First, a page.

By Abhishek Jha for Cake:
“They were thinking of black money, they were thinking of businessmen, they were thinking of common people- men and women. They never thought where transgender persons will go and what they will do,” says Rudrani Chauhan, a transwoman and a Managing Trustee at Mitr Trust, a community-based organisation (CBO) that works with the Delhi State AIDS Control Society. Chauhan works with the Hijra and transgender community, and thinks that it should have been common sense to consider that “these people don’t have accounts but these people also earn, these people also spend” and to have provided a mechanism for them to convert their money.
Ever since the demonetisation storm hit the country, a basic procedural problem that has come up for the community is the lack of an ID. Ritika, a Hijra who works at Chauhan’s CBO, borrowed a friend’s identification card to exchange the cash that she had but was asked to bring the person along. She says she did have a ration card but that identifies her as male and with a different legal name.
Neetu too had an ID card with her gender as that assigned at birth, which was male. This is so because there was no NALSA judgment until 2014, which instructed the central and state governments to make provisions for transgender persons to identify themselves as such. Neetu shares how there were problems at the bank when she showed up there looking like who she is. She has had to cut her hair short and keep her face unshaved since then to be able to make transactions at the bank. She says she did try to get an ID made identifying her as a transgender person but she was asked to produce a medical certificate proving that she had undergone a Sex Re-assignment Surgery, a medical procedure not necessary for one to identify with a gender different from the one assigned at birth. Requesting such a certificate was, in fact, declared illegal in the 2014 judgment.
Moreover, Chauhan says that many in the community do not have bank accounts. She argues that if the number of accounts registered in the name of transgender persons was compared with their population as found in the census, the percentage would be very small.
Chauhan’s argument is not unfounded. An year after the 2014 judgment, in April 2015, the RBI still needed to put out a notification advising banks to follow the judgment and include the option for “third gender”- another highly-criticised term- in their forms and applications. Until March 2015, gender of account holders was being marked only ‘male’ and ‘female’ in the demographic information collected from banks. This is the latest available data published by the RBI in its March 2016 Basic Statistical Returns report. Those thus excluded from our banking system number around 4 lakh people according to census data, a number argued to be an underestimate.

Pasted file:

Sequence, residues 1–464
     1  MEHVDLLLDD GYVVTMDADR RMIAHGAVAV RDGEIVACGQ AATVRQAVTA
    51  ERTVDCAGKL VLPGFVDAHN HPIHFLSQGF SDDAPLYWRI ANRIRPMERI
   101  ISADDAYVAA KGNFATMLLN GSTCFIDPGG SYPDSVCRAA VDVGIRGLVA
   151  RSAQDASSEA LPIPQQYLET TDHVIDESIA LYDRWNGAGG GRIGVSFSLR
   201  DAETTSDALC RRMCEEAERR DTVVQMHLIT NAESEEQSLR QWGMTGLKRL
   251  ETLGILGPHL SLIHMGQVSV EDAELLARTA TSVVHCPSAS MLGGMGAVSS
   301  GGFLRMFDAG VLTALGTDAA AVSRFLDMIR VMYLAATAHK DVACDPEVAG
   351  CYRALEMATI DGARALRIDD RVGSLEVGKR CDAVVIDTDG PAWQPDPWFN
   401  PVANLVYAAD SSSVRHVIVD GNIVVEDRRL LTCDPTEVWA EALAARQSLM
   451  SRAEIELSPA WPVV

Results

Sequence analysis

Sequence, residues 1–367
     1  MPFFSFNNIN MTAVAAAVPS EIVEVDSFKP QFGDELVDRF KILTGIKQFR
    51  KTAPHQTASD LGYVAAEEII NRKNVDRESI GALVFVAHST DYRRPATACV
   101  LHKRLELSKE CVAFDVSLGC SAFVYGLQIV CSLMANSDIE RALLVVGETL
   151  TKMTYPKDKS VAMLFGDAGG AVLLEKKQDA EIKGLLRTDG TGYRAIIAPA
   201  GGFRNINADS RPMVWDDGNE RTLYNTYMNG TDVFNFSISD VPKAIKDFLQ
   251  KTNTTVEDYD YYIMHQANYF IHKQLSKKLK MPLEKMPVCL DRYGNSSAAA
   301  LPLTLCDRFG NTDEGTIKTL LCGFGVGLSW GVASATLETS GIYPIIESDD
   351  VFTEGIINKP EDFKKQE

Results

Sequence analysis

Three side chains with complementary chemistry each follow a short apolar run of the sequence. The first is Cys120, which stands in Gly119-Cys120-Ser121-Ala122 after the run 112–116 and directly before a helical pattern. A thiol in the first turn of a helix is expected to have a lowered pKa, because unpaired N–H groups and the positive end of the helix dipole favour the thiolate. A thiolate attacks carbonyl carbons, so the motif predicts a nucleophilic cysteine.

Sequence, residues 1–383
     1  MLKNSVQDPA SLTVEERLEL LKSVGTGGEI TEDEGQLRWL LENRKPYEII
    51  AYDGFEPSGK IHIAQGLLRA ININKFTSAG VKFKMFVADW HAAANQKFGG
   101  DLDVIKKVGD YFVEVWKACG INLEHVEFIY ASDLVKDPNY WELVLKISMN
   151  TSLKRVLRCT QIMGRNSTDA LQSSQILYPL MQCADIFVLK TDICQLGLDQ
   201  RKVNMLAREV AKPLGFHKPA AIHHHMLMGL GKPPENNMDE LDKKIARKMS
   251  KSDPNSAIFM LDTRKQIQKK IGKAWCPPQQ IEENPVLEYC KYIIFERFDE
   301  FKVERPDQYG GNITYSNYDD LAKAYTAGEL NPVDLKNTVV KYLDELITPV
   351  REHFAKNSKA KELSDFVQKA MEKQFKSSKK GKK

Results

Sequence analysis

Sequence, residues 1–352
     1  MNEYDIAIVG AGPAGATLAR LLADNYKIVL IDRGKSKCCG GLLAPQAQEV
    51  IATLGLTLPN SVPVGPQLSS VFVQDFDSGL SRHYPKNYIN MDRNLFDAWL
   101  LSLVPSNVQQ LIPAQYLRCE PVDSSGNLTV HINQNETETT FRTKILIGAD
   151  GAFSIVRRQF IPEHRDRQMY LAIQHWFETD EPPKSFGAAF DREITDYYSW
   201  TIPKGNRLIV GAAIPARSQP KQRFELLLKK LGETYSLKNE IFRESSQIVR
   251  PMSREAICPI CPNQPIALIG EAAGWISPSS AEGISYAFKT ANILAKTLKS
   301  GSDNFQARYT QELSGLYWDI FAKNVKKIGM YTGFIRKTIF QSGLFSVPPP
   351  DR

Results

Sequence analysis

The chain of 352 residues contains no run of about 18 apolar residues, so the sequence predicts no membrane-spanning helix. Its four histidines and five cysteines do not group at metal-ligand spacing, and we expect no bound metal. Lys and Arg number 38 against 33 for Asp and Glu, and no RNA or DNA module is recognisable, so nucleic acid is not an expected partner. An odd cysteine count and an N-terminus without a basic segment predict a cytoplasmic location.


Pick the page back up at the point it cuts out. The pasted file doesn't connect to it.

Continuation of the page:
The roots of this ostracisation from banking services though go deeper than mere procedural difficulty. The literacy rate estimate nationwide for the community, from the census, is 56.07 percent. Even when literate, the prejudice and harassment implies that several in the community rely largely on sex-work or alms. Both Chouhan and Ritika say that they need to save enough money to help them in their old age as they don’t have either social security schemes or a family to depend on.
Those with such savings are scared of revealing it right now. Chouhan argues that the community is unwilling to come out with their cash for the fear of being attacked or harassed as it “has always been targeted by the male-dominated society or the government or the police and everyone”. “How do Hijras die? They are murdered. Because people know they don’t have bank accounts. They keep their money under the pillow, in the closet, in utensils. So they are murdered,” Ritika says. For Tina, a Hijra who does sex-work, the shortage in cash after the old notes were banned has meant that income from sex-work has almost halved.
When Ritika went to the bank, she faced the sexual harassment, which was routine, she says, when she was in school, yet again. She was standing in the queue, she told me, and did not resort to the Hijra clap as there were senior-citizen, children whose parents were probably ill and at home, etc. She empathised with the trouble she imagined the people in the queue might be facing due to demonetisation. This did not last.
She tolerated the men who were clicking pictures of her back for a while. Soon they were touching and pinching her. She went ahead and complained to the guard but was told that she would have to follow the queue. “You know they say, ‘Hijre hi galat hain (Hijras themselves are to blame)’. When after this frustration Hijras clap, then people say, ‘Hijras are bad’,” she rued. “When I was standing in the line, the men started doing all this. So I had to clap out of desperation,” she said.
Featured image credit: Abhishek Jha